"Nashville is hurting, and our community has been devastated," Nashville Mayor John Cooper wrote in a tweet

By Dave Quinn
March 03, 2020 08:35 AM

Multiple dangerous tornadoes tore through central Tennessee early Tuesday morning, flattening buildings, downing utility polls, destroying roads and left several people dead.

The National Weather Service has yet to classify the intensity of the twisters, but their path of destruction left more than 50,000 residents across the state without power, according to poweroutage.us.

According to the Tennessee Emergency Management Agency, at least 19 are now dead, the New York Times reported.

The first tornado was reported around 12:38 a.m. CST, moving east about 45 mph, the National Weather Service said. Two more touched down in Putnam County, about 100 miles east of Nashville.

In downtown Nashville alone, about 40 buildings collapsed, the Nashville Fire Department said. Schools, businesses and one popular concert venue were all reduced to rubble.

“Nashville is hurting, and our community has been devastated,” Mayor John Cooper tweeted following the destruction. “Be sure to lend a helping hand to a neighbor in need, and let’s come together as a community once more.”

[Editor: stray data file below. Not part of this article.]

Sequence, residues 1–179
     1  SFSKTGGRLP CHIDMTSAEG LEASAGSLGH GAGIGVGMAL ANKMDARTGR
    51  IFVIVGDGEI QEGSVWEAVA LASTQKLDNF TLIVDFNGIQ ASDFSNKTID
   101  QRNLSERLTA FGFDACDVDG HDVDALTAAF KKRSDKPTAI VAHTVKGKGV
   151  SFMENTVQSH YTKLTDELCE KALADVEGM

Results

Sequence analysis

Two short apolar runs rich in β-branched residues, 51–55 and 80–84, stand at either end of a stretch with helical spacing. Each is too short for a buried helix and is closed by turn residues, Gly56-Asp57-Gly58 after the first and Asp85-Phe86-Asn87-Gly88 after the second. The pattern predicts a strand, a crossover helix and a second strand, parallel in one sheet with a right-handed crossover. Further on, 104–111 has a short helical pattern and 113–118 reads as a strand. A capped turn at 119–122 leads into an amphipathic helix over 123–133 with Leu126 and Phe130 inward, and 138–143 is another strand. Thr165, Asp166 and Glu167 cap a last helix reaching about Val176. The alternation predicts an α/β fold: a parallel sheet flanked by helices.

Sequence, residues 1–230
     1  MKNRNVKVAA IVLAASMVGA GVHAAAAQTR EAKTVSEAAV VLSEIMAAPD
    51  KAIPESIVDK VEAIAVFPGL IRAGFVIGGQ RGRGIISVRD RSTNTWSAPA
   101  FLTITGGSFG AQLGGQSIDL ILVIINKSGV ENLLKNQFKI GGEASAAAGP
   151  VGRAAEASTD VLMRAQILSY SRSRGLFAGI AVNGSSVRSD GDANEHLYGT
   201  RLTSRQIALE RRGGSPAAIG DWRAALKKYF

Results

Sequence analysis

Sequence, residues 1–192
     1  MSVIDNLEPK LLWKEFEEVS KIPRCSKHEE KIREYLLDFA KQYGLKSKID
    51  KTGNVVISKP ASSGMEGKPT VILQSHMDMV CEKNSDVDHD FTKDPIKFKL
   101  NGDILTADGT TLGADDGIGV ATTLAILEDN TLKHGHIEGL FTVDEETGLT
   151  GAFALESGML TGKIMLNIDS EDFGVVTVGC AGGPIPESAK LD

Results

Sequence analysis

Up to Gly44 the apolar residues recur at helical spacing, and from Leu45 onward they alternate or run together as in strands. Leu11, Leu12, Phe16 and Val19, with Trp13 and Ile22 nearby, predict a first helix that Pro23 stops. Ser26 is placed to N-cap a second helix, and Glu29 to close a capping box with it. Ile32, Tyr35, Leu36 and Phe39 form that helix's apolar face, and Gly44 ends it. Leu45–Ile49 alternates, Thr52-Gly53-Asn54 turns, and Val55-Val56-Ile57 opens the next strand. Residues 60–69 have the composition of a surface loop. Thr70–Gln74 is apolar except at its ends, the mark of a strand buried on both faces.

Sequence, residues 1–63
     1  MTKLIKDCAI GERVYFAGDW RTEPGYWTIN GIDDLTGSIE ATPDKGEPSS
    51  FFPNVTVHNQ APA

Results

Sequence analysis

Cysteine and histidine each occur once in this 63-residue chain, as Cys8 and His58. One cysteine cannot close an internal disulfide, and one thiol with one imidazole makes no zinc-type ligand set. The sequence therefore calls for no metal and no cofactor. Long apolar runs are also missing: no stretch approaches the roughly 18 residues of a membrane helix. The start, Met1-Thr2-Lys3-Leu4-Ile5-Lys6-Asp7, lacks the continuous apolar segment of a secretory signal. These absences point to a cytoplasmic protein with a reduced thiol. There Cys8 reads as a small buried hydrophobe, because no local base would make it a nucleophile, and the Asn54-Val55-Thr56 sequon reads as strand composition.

Credit: Brett Carlsen/Getty Images

Other areas that have reported damage include Hermitage, Mt. Juliet and Germantown.

“Our community has been impacted significantly,” the Mt. Juliet Police Department tweeted early Tuesday. “There are multiple homes damaged and multiple injuries. We have requested mutual aid from allied agencies. We continue to search for injured. Stay home if you can. Watch for downed power lines.”

A resident makes her way down Underwood St. amidst downed trees and heavy debris in Nashville, Tennessee
| Credit: Brett Carlsen/Getty Images
A man walks by a storm-damaged pickup truck on Underwood St in Nashville, Tennessee
| Credit: Brett Carlsen/Getty Images
Residents watch as emergency crews attend to a tornado-damaged apartment building on Jefferson St. in Nashville
| Credit: Brett Carlsen/Getty Images

Among the fatalities were two people in East Nashville, the Metro Nashville police said, and three people in Putnam County, Sheriff Eddie Farris said in a press conference.

A sixth death was reported in Benton County, Tennessee, NBC News reported.

In total, the Associated Press reported Tuesday morning that at least nine people have died. The full names of the victims have yet to be released.

While the bad weather has seemed to move out of Nashville, heavy rains remain in the forecast throughout other parts of Tennessee, according to weather.com.

The state is one of the many set to participate in Super Tuesday. Jeff Roberts of the Elections Commission told ABC News in a statement that polling sites were expected to remain open but that voters whose assigned precinct were impacted caned vote at the Election Commission Offices.